Juvians. But we are again awake, and what shall we do to-day-to-day which passes while we are yet speaking ? Shall we remember the folly of last night, or resolve upon the exercise of virtue to. morrow? Last night is certainly gone, and to-morrow may never arrive. This instant make use of. Can you oblige any man of honour and virtue? Do it immediately. Can you visit a sick friend? Will it revive him to see you enter, and suspend your own ease and pleasure to comfort his weakness, and hear the impertinences of a wretch in pain ? Do not stay to take coach, but be gone. Your mistress will bring sorrow, and your bottle madness. Go to neither- Such virtues and diversions as these are mentioned because they occur to all men. But every man is sufficiently convinced, that to suspend the use of the present moment, and resolve better for the future only, is an unpardonable folly. What I attempted to consider, was the mischief of setting such a value upon what is past, as to think we have done enough. Let a man have filled all the offices of life with the highest dignity till yesterday, and begin to live only to himself to-day, he must expect he will, in the effects upon his reputation, be con. sidered as the man who died yesterday. The man who distinguishes himself from the rest, stands in a press of people: those before him intercept his progress; and those behind him, if he does not urge on, will tread him down. Cæsar, of whom it was said that he thought nothing done while there was left any thing for him to do, went on in per. forming the greatest exploits, without assuming to himself a privilege of taking rest upon the foundation of the merit of his former actions. It was the manner of that glorious captain to write down what scenes he had passed through; but it was rather to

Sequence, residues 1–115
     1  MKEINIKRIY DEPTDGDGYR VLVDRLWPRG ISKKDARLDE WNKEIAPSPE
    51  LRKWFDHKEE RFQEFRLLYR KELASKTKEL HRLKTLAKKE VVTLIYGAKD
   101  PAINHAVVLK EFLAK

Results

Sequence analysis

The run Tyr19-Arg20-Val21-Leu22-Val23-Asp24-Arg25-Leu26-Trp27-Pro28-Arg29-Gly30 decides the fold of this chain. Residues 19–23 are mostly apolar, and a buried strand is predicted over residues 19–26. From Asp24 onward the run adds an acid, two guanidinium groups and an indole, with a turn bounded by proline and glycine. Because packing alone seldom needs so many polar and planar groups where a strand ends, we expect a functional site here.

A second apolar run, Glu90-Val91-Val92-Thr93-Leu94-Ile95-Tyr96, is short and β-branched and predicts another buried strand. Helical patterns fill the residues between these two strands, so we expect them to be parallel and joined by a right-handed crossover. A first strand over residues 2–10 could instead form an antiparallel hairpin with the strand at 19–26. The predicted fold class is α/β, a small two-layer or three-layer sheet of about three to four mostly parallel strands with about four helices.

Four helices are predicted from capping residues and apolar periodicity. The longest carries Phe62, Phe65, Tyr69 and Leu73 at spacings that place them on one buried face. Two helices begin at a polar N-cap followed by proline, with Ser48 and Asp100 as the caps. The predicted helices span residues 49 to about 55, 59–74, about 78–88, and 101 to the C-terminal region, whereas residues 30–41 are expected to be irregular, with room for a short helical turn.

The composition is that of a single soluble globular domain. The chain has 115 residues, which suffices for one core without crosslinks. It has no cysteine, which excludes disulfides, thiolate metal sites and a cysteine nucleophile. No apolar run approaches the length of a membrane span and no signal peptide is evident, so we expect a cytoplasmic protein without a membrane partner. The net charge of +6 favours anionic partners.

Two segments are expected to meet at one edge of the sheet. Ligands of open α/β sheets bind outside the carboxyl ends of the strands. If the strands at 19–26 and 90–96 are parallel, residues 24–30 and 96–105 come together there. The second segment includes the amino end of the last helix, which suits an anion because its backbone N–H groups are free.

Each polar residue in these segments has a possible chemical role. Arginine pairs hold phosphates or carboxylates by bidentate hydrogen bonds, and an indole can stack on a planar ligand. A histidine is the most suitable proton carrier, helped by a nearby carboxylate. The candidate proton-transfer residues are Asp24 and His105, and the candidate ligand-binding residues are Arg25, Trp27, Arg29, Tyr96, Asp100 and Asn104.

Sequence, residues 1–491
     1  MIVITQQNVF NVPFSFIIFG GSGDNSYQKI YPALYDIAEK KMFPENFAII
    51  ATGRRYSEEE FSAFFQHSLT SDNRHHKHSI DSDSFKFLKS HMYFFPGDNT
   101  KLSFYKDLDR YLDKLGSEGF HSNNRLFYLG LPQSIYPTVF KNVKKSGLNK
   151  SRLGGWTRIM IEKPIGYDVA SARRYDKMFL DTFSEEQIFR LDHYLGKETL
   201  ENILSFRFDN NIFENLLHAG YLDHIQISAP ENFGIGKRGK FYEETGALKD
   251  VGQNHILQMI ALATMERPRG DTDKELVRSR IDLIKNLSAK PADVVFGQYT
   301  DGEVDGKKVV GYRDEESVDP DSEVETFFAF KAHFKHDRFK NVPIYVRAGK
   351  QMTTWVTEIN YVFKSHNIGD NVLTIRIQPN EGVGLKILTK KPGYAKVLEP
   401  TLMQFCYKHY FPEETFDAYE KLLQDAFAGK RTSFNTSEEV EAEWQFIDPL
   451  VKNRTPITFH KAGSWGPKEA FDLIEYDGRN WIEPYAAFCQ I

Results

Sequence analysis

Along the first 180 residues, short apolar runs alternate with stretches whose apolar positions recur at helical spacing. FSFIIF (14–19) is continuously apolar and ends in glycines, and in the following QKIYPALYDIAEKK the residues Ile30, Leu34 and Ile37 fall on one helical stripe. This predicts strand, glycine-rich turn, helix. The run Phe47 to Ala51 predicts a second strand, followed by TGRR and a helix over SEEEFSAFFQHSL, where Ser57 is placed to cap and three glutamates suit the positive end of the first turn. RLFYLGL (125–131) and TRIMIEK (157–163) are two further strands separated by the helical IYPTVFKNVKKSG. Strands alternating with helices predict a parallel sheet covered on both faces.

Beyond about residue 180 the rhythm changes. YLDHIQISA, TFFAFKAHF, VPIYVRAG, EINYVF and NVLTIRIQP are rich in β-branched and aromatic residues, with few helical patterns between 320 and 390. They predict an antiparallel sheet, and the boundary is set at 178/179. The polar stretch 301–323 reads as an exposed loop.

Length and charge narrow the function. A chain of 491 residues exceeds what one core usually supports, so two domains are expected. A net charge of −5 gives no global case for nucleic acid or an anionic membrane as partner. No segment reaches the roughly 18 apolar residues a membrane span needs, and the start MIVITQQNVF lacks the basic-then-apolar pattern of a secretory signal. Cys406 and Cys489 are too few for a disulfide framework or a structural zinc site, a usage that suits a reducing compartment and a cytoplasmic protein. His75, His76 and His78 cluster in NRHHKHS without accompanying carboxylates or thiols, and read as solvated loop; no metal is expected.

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keep his affairs in method, and capable of a clear review, in case they should be examined by others, than that he built a renown upon any thing that was past. I shall produce two fragments of his, to de. monstrate tbat it was his rule of life to support himself rather by what he should perform, than what he had done already. In the tablet which he wore about him the same year in which he obtained the battle of Pharsalia, there were found these loose notes of his own conduct. It is supposed, by the circumstances they alluded to, that they miglit be set down the evening of the same night.